expensive task, the framework should allow and encourage re-use and
   sharing of information as much as possible.  It should do this
   without overcommitment to a specific standard of formalism.  For
   example, the framework should support both applications that need
   DL-reasoners and applications that need the expressivity of

2. Support addressing a wide variety of multimedia fragments.

   When annotating part of a HTML or XML document, one can link to
   this part using the standard fragment identifier in the URI of the
   rdf:about.  For almost all other media types, the semantics of the
   fragment identifier has not be defined or is not commonly accepted.
   Other ways to identify media fragments have thus to be supported
   (see MPEG-7 for an example).

3. Support structuring of annotations.

   A set of annotations of a complex multimedia artifact is more than
   a set of instances of a multimedia ontology.  Typically, there is a
   preferred order in which the annotations are entered or displayed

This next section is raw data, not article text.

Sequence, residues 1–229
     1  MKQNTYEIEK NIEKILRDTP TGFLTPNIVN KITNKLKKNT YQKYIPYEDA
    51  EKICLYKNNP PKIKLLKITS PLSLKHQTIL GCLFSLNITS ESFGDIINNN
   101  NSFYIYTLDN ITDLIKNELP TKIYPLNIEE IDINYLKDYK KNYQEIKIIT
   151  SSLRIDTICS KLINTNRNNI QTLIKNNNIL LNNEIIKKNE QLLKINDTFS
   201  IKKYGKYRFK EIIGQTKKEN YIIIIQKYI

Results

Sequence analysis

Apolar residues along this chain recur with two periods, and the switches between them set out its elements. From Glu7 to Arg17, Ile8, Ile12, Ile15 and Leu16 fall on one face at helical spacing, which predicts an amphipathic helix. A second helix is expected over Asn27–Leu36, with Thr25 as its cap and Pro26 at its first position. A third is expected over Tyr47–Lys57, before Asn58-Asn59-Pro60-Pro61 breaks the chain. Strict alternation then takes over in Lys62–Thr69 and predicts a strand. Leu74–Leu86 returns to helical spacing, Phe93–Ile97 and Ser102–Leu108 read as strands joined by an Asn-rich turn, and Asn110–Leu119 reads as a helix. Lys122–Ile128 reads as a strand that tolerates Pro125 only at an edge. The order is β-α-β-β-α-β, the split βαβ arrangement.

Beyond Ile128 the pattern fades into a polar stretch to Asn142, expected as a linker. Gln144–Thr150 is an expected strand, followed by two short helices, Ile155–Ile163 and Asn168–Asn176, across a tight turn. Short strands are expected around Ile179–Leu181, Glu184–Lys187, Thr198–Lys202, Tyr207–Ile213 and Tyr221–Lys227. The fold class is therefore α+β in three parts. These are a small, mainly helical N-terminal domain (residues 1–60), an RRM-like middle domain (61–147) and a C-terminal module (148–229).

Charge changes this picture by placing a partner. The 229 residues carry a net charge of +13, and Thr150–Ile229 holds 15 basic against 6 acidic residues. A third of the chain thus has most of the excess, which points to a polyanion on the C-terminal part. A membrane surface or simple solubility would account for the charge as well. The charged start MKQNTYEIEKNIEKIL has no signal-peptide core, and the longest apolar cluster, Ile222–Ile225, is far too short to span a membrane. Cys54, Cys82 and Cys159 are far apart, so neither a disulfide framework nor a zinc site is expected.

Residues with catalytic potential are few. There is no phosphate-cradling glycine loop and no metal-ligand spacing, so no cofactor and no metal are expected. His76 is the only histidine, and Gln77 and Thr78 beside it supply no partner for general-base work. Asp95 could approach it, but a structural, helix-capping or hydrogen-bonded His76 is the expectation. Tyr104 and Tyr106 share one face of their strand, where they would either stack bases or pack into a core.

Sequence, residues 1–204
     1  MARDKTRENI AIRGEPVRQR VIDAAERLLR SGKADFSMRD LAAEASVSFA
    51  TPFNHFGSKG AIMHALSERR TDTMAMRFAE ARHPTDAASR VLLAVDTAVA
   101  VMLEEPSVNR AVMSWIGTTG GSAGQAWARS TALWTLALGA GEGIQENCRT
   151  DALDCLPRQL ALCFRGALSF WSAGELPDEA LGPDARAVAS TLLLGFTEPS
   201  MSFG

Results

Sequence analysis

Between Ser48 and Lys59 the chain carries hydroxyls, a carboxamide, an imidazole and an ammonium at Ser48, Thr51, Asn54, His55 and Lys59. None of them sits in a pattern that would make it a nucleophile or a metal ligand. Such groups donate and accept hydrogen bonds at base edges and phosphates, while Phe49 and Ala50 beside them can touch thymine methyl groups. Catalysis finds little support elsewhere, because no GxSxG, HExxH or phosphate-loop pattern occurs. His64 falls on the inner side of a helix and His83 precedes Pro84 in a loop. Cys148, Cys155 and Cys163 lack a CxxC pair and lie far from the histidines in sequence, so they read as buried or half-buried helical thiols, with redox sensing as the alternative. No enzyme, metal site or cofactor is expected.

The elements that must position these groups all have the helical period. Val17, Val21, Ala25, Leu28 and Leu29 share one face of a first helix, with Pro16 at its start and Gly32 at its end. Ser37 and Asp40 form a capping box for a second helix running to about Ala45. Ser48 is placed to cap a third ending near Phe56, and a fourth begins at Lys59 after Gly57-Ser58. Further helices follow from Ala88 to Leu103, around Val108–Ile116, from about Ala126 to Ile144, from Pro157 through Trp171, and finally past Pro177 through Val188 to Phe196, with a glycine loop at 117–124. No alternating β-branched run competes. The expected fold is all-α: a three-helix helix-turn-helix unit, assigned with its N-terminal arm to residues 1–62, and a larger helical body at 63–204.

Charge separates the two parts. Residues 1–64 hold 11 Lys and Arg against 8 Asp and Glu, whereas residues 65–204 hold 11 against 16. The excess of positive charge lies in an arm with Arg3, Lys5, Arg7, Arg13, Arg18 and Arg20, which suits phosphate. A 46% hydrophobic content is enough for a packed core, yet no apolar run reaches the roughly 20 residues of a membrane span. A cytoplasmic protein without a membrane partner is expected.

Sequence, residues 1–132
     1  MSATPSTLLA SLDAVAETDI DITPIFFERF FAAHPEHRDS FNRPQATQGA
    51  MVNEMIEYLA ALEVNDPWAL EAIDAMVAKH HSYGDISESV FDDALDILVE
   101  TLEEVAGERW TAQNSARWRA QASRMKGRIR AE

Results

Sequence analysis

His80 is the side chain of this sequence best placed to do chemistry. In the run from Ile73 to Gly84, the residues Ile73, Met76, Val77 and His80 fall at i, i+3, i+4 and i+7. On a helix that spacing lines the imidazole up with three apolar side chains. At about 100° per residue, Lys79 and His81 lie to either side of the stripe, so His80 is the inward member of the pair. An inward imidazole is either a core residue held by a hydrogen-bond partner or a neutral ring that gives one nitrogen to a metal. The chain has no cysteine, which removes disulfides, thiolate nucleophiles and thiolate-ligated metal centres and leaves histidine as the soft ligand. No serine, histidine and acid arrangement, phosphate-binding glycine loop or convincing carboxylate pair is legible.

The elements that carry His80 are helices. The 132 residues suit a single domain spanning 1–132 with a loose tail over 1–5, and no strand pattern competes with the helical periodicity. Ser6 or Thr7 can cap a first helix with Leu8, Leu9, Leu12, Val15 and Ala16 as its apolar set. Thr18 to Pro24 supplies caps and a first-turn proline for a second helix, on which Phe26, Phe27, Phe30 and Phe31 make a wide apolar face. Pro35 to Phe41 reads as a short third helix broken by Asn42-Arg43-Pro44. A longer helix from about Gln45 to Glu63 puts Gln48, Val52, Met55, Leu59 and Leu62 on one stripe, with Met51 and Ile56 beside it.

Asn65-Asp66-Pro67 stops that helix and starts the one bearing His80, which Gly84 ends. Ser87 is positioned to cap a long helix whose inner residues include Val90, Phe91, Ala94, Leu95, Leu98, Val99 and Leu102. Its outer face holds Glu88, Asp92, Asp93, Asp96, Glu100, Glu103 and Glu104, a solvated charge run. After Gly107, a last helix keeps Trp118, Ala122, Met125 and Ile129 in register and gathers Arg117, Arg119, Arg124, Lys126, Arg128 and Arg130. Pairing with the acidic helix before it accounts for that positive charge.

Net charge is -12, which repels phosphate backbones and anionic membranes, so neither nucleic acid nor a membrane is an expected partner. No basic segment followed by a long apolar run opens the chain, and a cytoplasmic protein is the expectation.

(e.g. first dc:title, then dc:creator etc), some annotation
   properties are mandatory while others may be optional, etc.  In
   addition, annotations may follow the structure of the multimedia
   artifact.  So a set of annotations of a video fragment may be
   structured along the same scene/sequence/shot hierarchy as the
   video itself.

4. Support annotations of media items in terms of the delivery context.

   With the wide variety of Web access devices, it becomes essential
   for a web service to know what the device capabilities are that
   playback of a media item, and other characteristics of the delivery
   context that influences their presentation.  Examples include
   required network bandwidth, screen resolution, update frequency,
   color depth etc.  Note that applications also need to be able to
   describe the delivery context of the client itself. (an explicit
   link with the W3C work on CC/PP and device independence might
   provide for this functionality).